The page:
Top secret army data found online after virtual image of hard disk was left on an AWS server
The US military is at the centre of another embarrassing data leak, after “critical data” belonging to the army was discovered online by researchers.
The data is deemed to be so sensitive that it is not even allowed to shared with allies of the United States, but it was found on virtual image of hard disk left on an AWS server, all without password protection so anyone with an internet connection could have found it.
And this is not the first time that this has happened. In September for example the CVs of thousands of former US military personnel, including hundreds with ‘Top Secret’ security clearances, were left available on an Amazon S3 cloud storage repository.
Red Disk Exposure
Around the same time (27th September 2017), UpGuard’s director of cyber risk research Chris Vickery also discovered an Amazon Web Services S3 cloud storage bucket configured for public access.
This bucket was set to allow anyone entering the URL to see the exposed bucket’s contents (over 90GBs worth), and it contained 47 viewable files and folders in the main repository, three of which were also downloadable.
Vickery knew he had stumbled across a data leak when he saw that subdomain name was called INSCOM.
INSCOM is a joint intelligence command overseen by both the US Army and the NSA that is responsible for gathering intelligence for US military and political leaders.
“Among the most compelling downloadable assets revealed from within the exposed bucket is a virtual hard drive used for communications within secure federal IT environments, which, when opened, reveals classified data labelled NOFORN – a restriction indicating a high level of sensitivity, prohibited from being disseminated even to foreign allies,” blogged Upgaurd’s cyber resilience analyst Dan O’Sullivan.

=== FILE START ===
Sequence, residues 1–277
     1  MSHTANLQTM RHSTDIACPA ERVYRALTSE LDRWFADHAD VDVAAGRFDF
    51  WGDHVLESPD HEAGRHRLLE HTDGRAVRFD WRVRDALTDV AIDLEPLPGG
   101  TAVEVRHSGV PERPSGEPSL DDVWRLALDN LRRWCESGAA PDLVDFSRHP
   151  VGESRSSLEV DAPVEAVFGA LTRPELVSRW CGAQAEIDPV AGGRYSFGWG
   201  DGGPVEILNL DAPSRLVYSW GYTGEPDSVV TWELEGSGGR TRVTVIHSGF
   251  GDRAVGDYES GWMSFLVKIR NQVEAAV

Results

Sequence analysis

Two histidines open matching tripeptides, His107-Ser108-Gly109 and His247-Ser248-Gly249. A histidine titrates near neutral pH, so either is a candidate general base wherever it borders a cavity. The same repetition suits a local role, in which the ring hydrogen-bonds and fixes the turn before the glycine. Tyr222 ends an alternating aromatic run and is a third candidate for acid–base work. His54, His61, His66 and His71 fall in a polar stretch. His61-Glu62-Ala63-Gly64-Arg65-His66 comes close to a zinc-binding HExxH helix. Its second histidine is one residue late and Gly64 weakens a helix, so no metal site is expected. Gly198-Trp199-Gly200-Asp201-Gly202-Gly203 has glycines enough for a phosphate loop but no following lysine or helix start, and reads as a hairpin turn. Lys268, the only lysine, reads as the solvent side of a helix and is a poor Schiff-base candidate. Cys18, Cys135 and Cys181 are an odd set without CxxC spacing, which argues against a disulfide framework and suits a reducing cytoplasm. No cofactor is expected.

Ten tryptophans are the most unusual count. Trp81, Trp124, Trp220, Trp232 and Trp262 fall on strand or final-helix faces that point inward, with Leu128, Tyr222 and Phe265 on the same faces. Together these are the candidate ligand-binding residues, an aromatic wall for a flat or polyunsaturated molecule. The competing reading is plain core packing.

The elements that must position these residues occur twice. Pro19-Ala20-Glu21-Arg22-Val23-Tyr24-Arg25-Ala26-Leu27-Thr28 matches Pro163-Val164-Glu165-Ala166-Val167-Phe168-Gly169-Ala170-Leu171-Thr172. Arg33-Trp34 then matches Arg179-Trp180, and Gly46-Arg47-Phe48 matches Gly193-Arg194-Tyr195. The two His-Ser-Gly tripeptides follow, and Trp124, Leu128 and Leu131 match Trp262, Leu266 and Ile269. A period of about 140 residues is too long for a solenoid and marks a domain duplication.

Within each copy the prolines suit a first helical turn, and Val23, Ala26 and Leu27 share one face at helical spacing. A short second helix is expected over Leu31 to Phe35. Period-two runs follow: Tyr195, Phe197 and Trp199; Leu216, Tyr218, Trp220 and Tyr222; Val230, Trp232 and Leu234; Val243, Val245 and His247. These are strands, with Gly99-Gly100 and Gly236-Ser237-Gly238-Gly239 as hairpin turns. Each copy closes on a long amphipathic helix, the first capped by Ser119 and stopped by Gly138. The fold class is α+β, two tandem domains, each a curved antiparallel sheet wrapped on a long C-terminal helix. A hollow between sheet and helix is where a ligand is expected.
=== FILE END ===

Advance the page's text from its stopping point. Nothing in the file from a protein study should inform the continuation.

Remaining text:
“The exposed data also reveals sensitive details concerning the Defense Department’s battlefield intelligence platform, the Distributed Common Ground System – Army (DCGS-A) as well as the platform’s troubled cloud auxiliary, codenamed ‘Red Disk’,” he added.
“Plainly put, the digital tools needed to potentially access the networks relied upon by multiple Pentagon intelligence agencies to disseminate information should not be something available to anybody entering a URL into a web browser,” wrote O’Sullivan.
“Although the UpGuard Cyber Risk Team has found and helped to secure multiple data exposures involving sensitive defense intelligence data, this is the first time that clearly classified information has been among the exposed data,” he added.
“Regrettably, this cloud leak was entirely avoidable, the likely result of process errors within an IT environment that lacked the procedures needed to ensure something as impactful as a data repository containing classified information not be left publicly accessible,” O’Sullivan blogged.
And this is not the first time that US military data has been exposed online.
In 2015 the US Army temporarily disabled its website, army.mil, following a hack by supporters of the Syrian government. And in June this year US defence contractor Booz Allen Hamilton left sensitive government information related to an American military project on an unprotected server.
Booz Allen Hamilton had reportedly left more than 60,000 files, including security credentials and passwords to a government system containing sensitive information, on a publicly accessible Amazon server.
In March thousands of confidential US Air Force documents were exposed online in a mass military leak through an unsecured internet-connected backup drive belonging to a lieutenant colonel.
Prior to that Wikileaks this year published thousands of classified documents belonging to the Central Intelligence Agency (CIA).
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